Dr. Anthony Fauci, director of the National Institute of Allergy and Infectious Diseases and a member of the White House coronavirus task force, told The Washington Post this week that he has “no doubt” there will be new waves of cases.

“The virus is not going to disappear,” he told Post. “It’s a highly transmissible virus. At any given time, it’s some place or another. As long as that’s the case, there’s a risk of resurgence.”

State leaders, not the federal government, have imposed harsh restrictions on residents and businesses to try to slow the spread of the disease. But with the U.S. economy straining under the social distancing rules, Trump has loudly called on the country to begin the reopening process.

All 50 states have now begun some level of reopening – including New York, the epicenter of the crisis in the U.S. – even as cases continue to rise in some parts of the country.

Over 30 million Americans are unemployed.

The speed and velocity of unemployment exceeds even the Great Depression.

Thousands of small businesses and mom-and-pop shops across the nation are being permanently closed because of the pandemic.

Now that we know more about the virus, we can safely reopen while protecting the most vulnerable populations.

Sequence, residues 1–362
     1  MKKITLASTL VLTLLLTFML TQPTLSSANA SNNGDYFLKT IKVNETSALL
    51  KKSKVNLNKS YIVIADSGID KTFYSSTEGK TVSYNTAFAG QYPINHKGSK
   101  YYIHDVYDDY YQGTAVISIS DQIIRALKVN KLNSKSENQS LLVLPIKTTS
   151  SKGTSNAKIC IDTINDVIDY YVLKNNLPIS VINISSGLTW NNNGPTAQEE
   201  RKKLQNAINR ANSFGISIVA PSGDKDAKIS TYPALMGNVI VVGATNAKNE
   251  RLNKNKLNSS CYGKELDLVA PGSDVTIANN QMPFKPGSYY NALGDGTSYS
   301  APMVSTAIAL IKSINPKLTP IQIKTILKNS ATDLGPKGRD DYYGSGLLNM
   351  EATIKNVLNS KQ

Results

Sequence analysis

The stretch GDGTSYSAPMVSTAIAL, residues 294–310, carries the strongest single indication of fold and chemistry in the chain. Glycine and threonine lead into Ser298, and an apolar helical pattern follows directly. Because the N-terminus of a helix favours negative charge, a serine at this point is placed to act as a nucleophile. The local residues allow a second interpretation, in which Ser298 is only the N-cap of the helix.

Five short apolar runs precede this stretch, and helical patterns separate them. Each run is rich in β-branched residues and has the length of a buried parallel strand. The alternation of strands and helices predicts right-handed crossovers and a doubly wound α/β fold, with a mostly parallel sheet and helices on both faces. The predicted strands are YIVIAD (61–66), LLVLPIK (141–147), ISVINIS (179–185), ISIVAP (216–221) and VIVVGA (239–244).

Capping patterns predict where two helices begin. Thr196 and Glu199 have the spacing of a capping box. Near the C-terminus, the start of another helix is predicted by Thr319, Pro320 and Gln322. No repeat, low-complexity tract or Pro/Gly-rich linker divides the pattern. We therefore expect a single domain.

The overall number of cases in the United States is slowing down.

There has been a slight increase in hospitalizations, but that is due to hotspots across the nation.

Because social distancing measures as well as healthy hygiene practices are well known, the spread of COVID-19 will be immensely slower as the economy reopens compared to before the lockdown.

According to Yahoo Finance:

In the U.S., overall cases appear to be slowing, although some areas are seeing slight increases in hospitalizations. This week, the U.S. crossed 1.5 million this week, and the death toll passed 94,000 this week, but virtually all 50 states are moving to ease restrictions to some degree while companies are making strides toward finding a vaccine.

However, the increasingly dire state of the U.S. economy has put growing political pressure on Trump, who’s facing a highly competitive reelection bid in November. With the Senate unlikely to address the question of additional stimulus until early June, skyrocketing unemployment has the White House on the defensive.

Touring a Ford car plant in Michigan on Thursday, the president told reporters that the national push to reopen the economy would not be reversed even if there is a second wave. “We’re not going to close the country, we’re going to put out the fires,” he added.